God Gave Us Abundance. Why Do People Go Hungry? | Sojourners

God Gave Us Abundance. Why Do People Go Hungry?

A Ukrainian serviceman holds a gun while walking through a burning wheat field.
A Ukrainian serviceman walks on a burning wheat field near a frontline on a border between Zaporizhzhia and Donetsk regions, on July 17, 2022 as Russia’s attack on Ukraine continues. REUTERS/Dmytro Smolienko

Just after this article was published, I learned that Ron Sider, a tireless proponent of peace and justice, had died at 82. His book Rich Christians In an Age of Hunger had a profound effect on my own life and faith journey. I dedicate this piece to him; may he rest in peace and love. –Adam Russell Taylor

We serve a God of abundance, a God who intends for everyone to “have life, and have it to the full” (John 10:10). The prophet Isaiah exhorts his listeners to respond to God’s abundance with acts of justice and compassion, including sharing our food with all who hunger and dismantling systems that produce hunger in the first place (58:7). Our own access to wholeness and abundance is explicitly tied to seeking the wholeness of others.

Proclaiming God’s abundance feels counterintuitive in a world filled with excruciating and growing hunger: In the United States, long-standing food deserts, racial inequities exacerbated by the COVID-19 pandemic, and a broken social safety system are all contributing to a growing crisis of hunger. Globally, at least 140 million people are currently affected by a dire food crisis; 49 million people are just one step away from famine conditions.

The causes of this mounting crisis are complex: Food prices rose steadily over the past two decades but exploded in 2021 due to COVID-19’s impact on migratory laborers, shipping, and industrial supply chains. Extreme weather events driven by climate change and political conflict — including Russia’s invasion of Ukraine — further exacerbated the problem.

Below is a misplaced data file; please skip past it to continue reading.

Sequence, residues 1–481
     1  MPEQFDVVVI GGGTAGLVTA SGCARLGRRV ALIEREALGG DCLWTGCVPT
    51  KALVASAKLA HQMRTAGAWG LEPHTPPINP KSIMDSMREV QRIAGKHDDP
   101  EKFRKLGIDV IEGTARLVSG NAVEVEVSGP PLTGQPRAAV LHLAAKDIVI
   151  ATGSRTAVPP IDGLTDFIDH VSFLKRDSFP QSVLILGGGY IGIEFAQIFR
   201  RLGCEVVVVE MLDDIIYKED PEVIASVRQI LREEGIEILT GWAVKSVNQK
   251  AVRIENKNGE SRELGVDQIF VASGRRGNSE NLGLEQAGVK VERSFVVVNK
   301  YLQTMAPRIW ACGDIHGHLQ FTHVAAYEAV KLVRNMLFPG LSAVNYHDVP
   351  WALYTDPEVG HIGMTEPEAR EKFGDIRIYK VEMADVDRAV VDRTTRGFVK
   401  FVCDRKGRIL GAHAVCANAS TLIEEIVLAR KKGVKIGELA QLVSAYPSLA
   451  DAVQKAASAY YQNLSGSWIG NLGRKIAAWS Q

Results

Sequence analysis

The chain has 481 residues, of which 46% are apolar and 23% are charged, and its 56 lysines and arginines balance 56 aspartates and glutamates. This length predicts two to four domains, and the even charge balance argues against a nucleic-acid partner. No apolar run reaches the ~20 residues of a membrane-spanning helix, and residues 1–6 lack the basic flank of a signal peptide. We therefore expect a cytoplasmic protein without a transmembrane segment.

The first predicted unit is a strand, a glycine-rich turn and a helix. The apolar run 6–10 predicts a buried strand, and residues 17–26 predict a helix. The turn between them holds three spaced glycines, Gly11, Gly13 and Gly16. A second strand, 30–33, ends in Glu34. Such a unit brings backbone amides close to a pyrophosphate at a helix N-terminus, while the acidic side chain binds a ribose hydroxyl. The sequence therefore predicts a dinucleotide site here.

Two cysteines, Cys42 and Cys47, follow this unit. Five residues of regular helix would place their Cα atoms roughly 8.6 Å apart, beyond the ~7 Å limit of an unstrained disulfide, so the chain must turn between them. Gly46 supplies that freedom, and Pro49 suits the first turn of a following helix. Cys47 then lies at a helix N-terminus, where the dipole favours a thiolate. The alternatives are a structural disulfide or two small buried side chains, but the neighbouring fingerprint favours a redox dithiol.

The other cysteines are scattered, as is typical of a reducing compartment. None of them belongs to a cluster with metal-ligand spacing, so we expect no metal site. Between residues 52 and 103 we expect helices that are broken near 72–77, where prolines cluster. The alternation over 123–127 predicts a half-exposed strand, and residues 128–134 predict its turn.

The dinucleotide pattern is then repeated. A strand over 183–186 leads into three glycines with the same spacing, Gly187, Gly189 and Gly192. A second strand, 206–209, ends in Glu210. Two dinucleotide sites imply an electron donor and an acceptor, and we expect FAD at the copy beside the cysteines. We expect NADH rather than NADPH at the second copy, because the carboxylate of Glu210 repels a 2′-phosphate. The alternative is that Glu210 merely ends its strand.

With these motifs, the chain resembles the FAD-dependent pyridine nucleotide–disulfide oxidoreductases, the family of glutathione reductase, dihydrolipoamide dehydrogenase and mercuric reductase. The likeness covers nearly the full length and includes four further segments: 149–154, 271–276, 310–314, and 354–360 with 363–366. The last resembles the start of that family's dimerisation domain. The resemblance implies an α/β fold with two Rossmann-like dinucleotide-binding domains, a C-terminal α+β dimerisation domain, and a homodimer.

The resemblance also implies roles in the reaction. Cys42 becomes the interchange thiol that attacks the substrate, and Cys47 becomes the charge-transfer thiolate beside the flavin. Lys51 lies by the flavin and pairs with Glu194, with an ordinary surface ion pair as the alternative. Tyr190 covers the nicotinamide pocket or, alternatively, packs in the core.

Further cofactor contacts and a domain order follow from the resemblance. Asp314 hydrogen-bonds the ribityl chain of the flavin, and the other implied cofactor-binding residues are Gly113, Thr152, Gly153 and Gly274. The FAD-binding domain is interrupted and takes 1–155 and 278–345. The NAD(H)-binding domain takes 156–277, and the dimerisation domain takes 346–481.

Nevertheless, abundance is a critical place to start because it changes how we think about this complicated problem. As the United Nations Environmental Programme (UNEP) reports, there is enough food for everyone. Though unchecked climate change could threaten our abundant food supply by the end of the century, the current crisis we face is not simply about how much food the world produces, but is also about how it is distributed. While millions of people face famine, 1.3 billion tons of food are lost or wasted each year. And that’s a moral and political problem that requires personal and collective change.

One recent example of this distribution problem: Together, Russia and Ukraine make up about 30 percent of global wheat exports, but Russia’s invasion of Ukraine has left 20 million tons of Ukrainian grain stuck in storage. On July 22, Turkey and the U.N. helped broker a deal with Russia that would have allowed shipments of Ukrainian grain to leave the port city of Odessa. But less than a day later, two Russian missiles struck the port, casting serious doubt on whether exports will be able to safely resume. This precarious situation illustrates the degree to which conflict and geopolitics can profoundly disrupt access to food.

What can we do to end this growing crisis?